Home BLEACH: Thousand-Year Blood War Episode 5 – Adaptation Perfected

BLEACH: Thousand-Year Blood War Episode 5 – Adaptation Perfected

Adaptation and optimization are both concepts very key to anime creation and even more key to a series like BLEACH. Quality of animation has been one of the biggest sources of controversy around BLEACH 2022. For good reason too; the anime is a decade further than its original in terms of available animation techniques and expected animation standard. However, I think one other important element to an anime’s adaption of source material has been neglected in conversations about BLEACH. These shows don’t just shine merely by remaining true to their source and doing so in ways that align with the standards for a “good” anime at the time. They focus on something a bit beyond that.

This important element is enhancement, or the ways in which a show takes the source material and adds to it using tools only available to a visual form of art. BLEACH 2022 episode five felt like a master class in this. This week’s episode, like those prior to it, was incredibly focused on conveying emotions like anger, despair, confusion, and fear. But, unlike previous episodes, the focus was a lot more pointed. Rather than hop between a large scale series of losing battles in the Soul Society and a winning battle involving Ichigo, this episode primary focused on two battles, each occurring in one half of the episode and mostly occurring isolated from the other.

These two fights were perhaps the most visceral, emotionally intense scenes I have ever seen in BLEACH, original series or otherwise. The music conveyed the classic, crisp melancholy BLEACH is perfect at delivering. Voice acting, especially from some of the newer characters, was absolutely incredible. The visuals on screen, even when acting as support for longer strings of dialogue, never felt like space-fillers and only added to the words being spoken.

There’s plenty to fawn over and discuss in this episode. The rest of the article will contain spoilers for BLEACH 2022 episode five. Read on with that in mind.

God Bless Yoshitsugu Matsuoka

He’s one of the best voice actors and a personal favorite for good reason. You might recognize this voice from a lot of other anime, spanning all kinds of characters across tons of genres. If the absolute range of those roles isn’t evidence enough, there’s plenty of talent here. The focus in BLEACH episode five, however, was As Nodt, the Sternritter with the designation of F, The Fear. This section was probably the most impressive for the episode in terms of execution. Matsuoka perfectly captured an unnerving, slightly rattling, creepily pompous voice this episode. We saw Byakuya feel absolute fear for the first time in the series and witnessed a villain capable of taunting him to a point of madness. Even more, the creepy scenes accompanying their fight, especially those of a melting Rukia and flies crawling over Byakuya’s body, elevated the manga in a way I truly did not see coming.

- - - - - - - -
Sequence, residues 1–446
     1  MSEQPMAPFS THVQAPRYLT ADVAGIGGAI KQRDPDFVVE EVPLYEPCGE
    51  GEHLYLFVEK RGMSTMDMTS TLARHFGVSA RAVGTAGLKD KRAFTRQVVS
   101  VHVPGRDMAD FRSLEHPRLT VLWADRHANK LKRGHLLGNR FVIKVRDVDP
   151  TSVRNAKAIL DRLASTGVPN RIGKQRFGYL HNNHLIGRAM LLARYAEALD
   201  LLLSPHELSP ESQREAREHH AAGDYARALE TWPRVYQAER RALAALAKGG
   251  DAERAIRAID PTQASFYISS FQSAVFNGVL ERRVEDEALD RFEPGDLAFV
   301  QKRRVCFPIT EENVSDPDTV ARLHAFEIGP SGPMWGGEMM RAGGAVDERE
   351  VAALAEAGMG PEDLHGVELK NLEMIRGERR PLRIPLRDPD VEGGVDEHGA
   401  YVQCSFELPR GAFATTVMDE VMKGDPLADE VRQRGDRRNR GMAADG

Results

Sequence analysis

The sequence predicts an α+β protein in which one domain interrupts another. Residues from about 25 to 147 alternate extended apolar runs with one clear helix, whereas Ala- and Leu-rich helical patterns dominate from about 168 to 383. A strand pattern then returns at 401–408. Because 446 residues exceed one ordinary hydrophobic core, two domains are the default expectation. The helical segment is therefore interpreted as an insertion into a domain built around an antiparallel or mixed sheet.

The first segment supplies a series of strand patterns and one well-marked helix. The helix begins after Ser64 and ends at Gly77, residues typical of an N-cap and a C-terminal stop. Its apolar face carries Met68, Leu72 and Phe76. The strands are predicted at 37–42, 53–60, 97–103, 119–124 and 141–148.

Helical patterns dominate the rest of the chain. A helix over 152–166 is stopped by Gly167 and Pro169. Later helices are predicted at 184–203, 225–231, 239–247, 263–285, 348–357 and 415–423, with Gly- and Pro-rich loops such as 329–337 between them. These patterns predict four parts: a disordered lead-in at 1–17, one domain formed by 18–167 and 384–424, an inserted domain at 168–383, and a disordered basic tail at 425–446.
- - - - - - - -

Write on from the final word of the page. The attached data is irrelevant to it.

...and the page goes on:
Can you imagine a creepier villain?

This is the kind of enhancement really worth praising. I’ll entertain bickering about whether or not the animation this episode was up to snuff. But there is absolutely no denying that the execution of Byakuya’s fight was incredible. This is also one of the first higher-tier characters we’ve seen get absolutely dominated (or rather one of the first ones we actually care about; sorry Kira). A character this stoic and reserved losing to the embodiment of fear is one of the best ways for BLEACH to start of a series of longer-form fights. This sequence did more to set the tone than the thousands of nameless soul reaper deaths prior to it.

The Head Captain’s Comeback

Personally, while I feel the execution and technical quality of the first half of the episode is higher, I was much more hype watching Yamamoto finally hop to action. For those who’ve forgotten, Yamamoto sacrificed his arm to cast a powerful Kido spell back during the Aizen arc and hasn’t been very much involved in combat beyond that. Even then, he spent much of his time occupied by an Arrancar specifically invented to stall him. His performance this fight was incredibly shocking and satisfying. One because he’s been one of the more active participants of this arc, being the main person with memory of the first Quincy war, and two because he absolutely melted someone after having an extended emotional flashback.

“Melted” was not hyperbole

Flashbacks often get followed with a slow build toward the big attack but BLEACH wasted no time and it was appreciated. More to the point this felt like the first high point in basically the entire arc. Multiple powerhouses, Yamamoto, Ichigo, and Kenpachi, have just taken down Sternritters while everyone else is rallying around their presence. The episode really drove the feeling home and I found myself rewinding multiple times to watch Yamamoto absolutely go off.

Featured image and screenshots via Hulu.

© TITE KUBO / SHUEISHA, TV TOKYO, dentsu, Pierrot

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